Drum vs Disc Brakes: What’s the difference?

Brake technology has come a long way since its beginnings. Motorized vehicles have gradually started to travel at higher speeds and passenger safety has become very closely tied to the ability to decelerate quickly and efficiently.

This brings up the different brake systems: Which is better drum or disk brakes?

To understand the differences between drum and disc brake technology, we must first outline the physical forces necessary to bring a vehicle to a complete stop.

Brake Friction And Heat

All brake technology is based on the simple properties of friction. When a load is applied between two objects that make contact, a resisting force is produced. This force converts kinetic energy to thermal energy and parameters like amount of load applied, surface area and surface roughness influence the force of friction.

In brake systems, a force is applied between a brake lining (pads or shoes) and a braking surface (rotor discs or drums), while creating heat as a byproduct. How quickly a brake system can decelerate a vehicle is directly dependent on the force applied between the braking surfaces and the total braking surface area (well, also vehicle weight, brake materials, incline, but we won’t consider all of those). But what cannot be overlooked is the efficiency of how brake systems dissipate heat because all kinetic energy removed by braking is directly converted into heat.

Overview of Drum Brakes

Most early brake systems started out using drum brake technology. Drum brakes are cheaper and simpler to manufacture and rely on a set of shoes that apply force outward onto an enclosing cylinder, called a drum.

There are few limitation of drum brakes: their brake force, brake lining and brake surface are very similar to that of disc brakes. However, a major difference comes in the way of heat dissipation. Since the drum encloses the brake shoes inside, heat is trapped within the drums. Instead of having a constant stream of air cooling, drum brakes build up heat inside and can even suffer from heat saturation that greatly hinders their stopping ability after their maximum heat threshold is exceeded. This generally happens only on long mountain descends and race tracks, so there is a reason that most performance vehicles opt for disc brakes for their superior cooling ability.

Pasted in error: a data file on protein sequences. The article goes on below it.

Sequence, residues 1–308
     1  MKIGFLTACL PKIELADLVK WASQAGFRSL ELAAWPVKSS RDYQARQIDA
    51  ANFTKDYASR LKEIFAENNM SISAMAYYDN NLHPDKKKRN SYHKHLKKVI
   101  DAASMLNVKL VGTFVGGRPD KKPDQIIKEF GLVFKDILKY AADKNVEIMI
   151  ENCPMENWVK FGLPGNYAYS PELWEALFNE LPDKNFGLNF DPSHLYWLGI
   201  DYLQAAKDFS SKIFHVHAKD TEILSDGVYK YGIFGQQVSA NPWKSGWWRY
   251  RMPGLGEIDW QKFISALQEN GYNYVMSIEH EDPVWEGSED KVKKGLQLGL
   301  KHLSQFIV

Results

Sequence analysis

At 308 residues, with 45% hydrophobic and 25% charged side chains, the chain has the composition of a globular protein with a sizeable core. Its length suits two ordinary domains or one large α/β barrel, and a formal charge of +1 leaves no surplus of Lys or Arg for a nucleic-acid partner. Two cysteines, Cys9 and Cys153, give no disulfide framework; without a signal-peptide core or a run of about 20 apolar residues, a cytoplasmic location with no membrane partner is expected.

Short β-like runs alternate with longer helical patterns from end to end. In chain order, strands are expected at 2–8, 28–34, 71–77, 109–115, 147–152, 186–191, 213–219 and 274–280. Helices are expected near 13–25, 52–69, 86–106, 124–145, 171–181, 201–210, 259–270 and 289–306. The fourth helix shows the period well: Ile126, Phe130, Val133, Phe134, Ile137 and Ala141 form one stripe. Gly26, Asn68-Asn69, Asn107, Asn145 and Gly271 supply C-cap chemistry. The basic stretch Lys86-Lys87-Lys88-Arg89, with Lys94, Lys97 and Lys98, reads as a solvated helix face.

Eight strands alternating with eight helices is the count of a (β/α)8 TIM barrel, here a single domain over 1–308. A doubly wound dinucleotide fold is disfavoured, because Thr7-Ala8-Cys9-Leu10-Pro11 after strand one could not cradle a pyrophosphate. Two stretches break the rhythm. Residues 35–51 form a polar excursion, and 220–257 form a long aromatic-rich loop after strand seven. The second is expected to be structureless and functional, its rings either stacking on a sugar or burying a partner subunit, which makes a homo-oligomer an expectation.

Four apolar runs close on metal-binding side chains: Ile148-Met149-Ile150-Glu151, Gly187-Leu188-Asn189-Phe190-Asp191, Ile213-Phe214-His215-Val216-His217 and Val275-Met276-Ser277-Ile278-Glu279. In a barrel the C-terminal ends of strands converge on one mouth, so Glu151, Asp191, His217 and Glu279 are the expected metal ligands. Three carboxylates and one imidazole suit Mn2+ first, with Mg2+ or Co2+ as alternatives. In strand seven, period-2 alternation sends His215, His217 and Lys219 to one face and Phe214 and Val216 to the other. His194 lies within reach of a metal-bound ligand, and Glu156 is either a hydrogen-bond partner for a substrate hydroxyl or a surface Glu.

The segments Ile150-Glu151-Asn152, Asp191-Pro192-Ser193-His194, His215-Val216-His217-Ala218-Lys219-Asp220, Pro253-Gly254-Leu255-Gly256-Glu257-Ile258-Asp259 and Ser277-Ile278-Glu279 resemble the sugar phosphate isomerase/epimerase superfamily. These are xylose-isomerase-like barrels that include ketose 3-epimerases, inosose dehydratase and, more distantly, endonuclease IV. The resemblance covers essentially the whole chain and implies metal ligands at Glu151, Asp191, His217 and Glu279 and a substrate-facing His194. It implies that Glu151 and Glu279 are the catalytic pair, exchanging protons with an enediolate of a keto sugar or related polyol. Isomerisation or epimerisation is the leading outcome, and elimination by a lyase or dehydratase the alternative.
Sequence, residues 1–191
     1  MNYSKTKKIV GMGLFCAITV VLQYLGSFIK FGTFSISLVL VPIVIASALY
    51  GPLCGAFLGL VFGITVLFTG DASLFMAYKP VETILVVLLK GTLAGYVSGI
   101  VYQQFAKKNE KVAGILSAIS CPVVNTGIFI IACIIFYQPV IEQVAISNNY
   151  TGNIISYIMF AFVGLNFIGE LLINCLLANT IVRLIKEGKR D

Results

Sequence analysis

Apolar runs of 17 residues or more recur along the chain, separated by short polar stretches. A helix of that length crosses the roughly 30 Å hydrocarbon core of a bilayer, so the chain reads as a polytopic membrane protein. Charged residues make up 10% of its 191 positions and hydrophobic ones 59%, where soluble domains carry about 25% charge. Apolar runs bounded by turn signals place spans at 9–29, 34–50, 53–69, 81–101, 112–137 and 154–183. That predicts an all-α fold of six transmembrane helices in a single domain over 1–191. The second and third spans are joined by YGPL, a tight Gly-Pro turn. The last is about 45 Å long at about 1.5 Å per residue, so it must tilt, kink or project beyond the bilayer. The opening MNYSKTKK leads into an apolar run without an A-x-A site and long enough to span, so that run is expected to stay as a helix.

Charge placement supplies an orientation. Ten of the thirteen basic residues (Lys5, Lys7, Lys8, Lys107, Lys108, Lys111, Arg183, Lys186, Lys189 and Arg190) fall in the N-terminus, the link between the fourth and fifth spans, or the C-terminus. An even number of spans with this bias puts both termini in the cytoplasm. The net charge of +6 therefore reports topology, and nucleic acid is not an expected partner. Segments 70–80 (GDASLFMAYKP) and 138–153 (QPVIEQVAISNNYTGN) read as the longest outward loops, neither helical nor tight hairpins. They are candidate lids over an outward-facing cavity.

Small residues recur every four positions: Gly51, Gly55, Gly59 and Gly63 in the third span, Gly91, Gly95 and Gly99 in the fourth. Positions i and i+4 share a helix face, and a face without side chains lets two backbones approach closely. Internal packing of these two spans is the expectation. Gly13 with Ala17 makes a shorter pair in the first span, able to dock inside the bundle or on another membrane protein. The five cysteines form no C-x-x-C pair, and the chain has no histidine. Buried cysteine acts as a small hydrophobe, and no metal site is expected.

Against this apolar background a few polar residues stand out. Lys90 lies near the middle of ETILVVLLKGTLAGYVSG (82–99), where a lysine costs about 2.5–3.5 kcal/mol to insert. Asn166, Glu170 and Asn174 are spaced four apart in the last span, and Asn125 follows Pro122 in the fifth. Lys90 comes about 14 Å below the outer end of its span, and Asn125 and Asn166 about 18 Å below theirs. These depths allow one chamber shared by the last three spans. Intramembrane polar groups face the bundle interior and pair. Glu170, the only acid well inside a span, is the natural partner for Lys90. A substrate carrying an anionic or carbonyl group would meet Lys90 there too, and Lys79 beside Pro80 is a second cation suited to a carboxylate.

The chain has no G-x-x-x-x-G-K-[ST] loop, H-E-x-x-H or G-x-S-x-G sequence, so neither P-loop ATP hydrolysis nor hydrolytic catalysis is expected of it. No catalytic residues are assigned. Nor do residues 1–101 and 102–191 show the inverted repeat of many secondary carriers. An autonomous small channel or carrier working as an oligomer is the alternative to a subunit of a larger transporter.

Advantages of Drum Brakes
  • Simpler Design
  • Cheaper to manufacture
  • Less prone to external debris
Disadvantages of Drum Brakes
  • Worse heat dissipation
  • Prone to heat saturation (resulting in losing ability to stop)
  • Harder to maintain (due to rusting)
Overview of Disc Brakes

Disc brakes are quickly becoming the standard for both the automotive and bicycle industry. They work by using a caliper with pads that clamps down on a rotor disc that is rigidly fixed to the wheel.

Their superior responsiveness and heat dissipation make them a clearly better choice over drum brakes. Because the rotor discs are exposed to oncoming air as the vehicle moves, the brakes are always kept cool without excess heat buildup. Tighter tolerances and larger brake surfaces allow for better stopping power that is available faster as you engage the brakes. There are clear reasons why disc brake technology has been widely adopted as the new standard across all transportation industries.

Advantages of Disc Brakes
  • More responsive
  • Better heat dissipation (due to air flow cooling)
  • Easier maintenance
Disadvantages of Disc Brakes
  • More expensive to produce
  • Rotors discs may warp after repeated exposure to high heat
On the CycleBoard

The CycleBoard uses a rear vented disk brake to give you superior precision and control. With the same technology that’s used on high-end mountain bikes, you know you will always be able to stop – even if there is a sudden loss of electrical power. Built from the highest quality materials, the rotor and caliper are extensively tested by our engineering team and are guaranteed to exceed your expectations from day one.

Add a Comment